The experimental realism of William Dean Howells

Brian Seto McGrath
2010
The "experimental" in my title refers to Howells's self-conscious development of a literary form that could give the most complete, deepest account of a reality characterized by the ordinary and even the banal. For the middle class, Howells's perennial subject, the norm is to aspire to transcend, and the ordinary can appear elusive, even nonexistent. Of course, in political terms, a middle class culture considers everyone basically the same, this resemblance defining the ordinary. It is assumed
more » ... nary. It is assumed that everyone shares the same economic goals, and the same desire for familial and individual success. Being ordinary is therefore a moral quality. This means, paradoxically, that ordinariness can only prove itself in exceptional individuals. To strive is virtuous, to fail is shameful; either way one's ordinariness is subsumed to a greater drama. The drama at the center of middle class art is the plight of the exceptional individual demonstrating a Platonic ordinariness. It is hard to think of characters in novels who are not exceptional financially or morally. In Henry James's The Portrait of a Lady and The Wings of the Dove finance and morality go together. The novels of Eliot, Dickens, even those of the French realists unfold stories in which ordinary characters, by some exceptional moral quality, try to transcend their economic and historical situations. Howells called this story romantic and insisted on writing about the most mundane aspects of ordinary life. His novels were not about the exceptional who rise above the crowd but about ordinary people who do not transcend but stay on the ground. Howells described this divide between moral ideals and actual economic circumstance as "the infernal juggle of the mind. " This contradiction at the heart of everyday life was what he wanted to depict. His design of characters and plots, even his sentences, develop continuously into further complexity as they discover the tensions and self-betrayal inherent in middle class optimism. "Discover" is the key term: Howell [...]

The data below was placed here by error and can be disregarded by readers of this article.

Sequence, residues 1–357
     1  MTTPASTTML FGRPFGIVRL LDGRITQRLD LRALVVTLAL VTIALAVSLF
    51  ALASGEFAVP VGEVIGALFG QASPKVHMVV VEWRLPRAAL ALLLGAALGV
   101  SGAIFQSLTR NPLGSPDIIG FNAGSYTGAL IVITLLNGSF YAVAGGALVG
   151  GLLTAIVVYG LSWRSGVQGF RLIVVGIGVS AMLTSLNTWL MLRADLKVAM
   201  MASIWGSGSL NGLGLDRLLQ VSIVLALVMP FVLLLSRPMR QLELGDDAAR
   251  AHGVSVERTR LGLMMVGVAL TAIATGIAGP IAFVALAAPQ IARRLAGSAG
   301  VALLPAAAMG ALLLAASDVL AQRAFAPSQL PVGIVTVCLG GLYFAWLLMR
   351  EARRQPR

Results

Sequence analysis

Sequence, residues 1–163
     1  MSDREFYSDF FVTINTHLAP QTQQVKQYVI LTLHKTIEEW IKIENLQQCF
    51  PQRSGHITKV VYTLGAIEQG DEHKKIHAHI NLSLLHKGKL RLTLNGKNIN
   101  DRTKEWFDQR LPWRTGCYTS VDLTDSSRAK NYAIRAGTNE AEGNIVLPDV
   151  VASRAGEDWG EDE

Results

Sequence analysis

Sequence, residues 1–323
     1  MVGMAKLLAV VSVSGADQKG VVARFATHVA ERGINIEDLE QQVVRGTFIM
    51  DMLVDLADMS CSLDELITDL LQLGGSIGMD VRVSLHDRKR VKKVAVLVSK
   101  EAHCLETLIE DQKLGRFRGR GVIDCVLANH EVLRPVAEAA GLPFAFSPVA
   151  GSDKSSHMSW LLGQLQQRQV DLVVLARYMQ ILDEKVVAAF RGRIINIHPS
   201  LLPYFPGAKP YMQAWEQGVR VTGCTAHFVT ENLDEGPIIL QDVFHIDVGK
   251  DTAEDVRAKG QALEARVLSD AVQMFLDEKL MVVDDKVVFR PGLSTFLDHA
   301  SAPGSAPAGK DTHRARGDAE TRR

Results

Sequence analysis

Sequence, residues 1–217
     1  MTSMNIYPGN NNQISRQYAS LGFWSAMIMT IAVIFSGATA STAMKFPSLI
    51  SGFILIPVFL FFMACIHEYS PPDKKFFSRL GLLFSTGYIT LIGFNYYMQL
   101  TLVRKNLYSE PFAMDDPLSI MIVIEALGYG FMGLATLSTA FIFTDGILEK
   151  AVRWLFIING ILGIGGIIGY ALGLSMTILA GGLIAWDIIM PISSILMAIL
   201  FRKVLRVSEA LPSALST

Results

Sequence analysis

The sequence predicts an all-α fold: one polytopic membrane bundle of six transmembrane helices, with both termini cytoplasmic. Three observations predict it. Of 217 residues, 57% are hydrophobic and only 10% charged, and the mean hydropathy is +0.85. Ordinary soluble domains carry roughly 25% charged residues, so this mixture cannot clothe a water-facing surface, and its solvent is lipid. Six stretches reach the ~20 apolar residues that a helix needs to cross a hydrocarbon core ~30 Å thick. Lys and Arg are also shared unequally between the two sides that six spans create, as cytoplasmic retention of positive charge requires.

doi:10.7282/t3qz29q5 fatcat:2rvjodkqtfgihkxqlentiij5me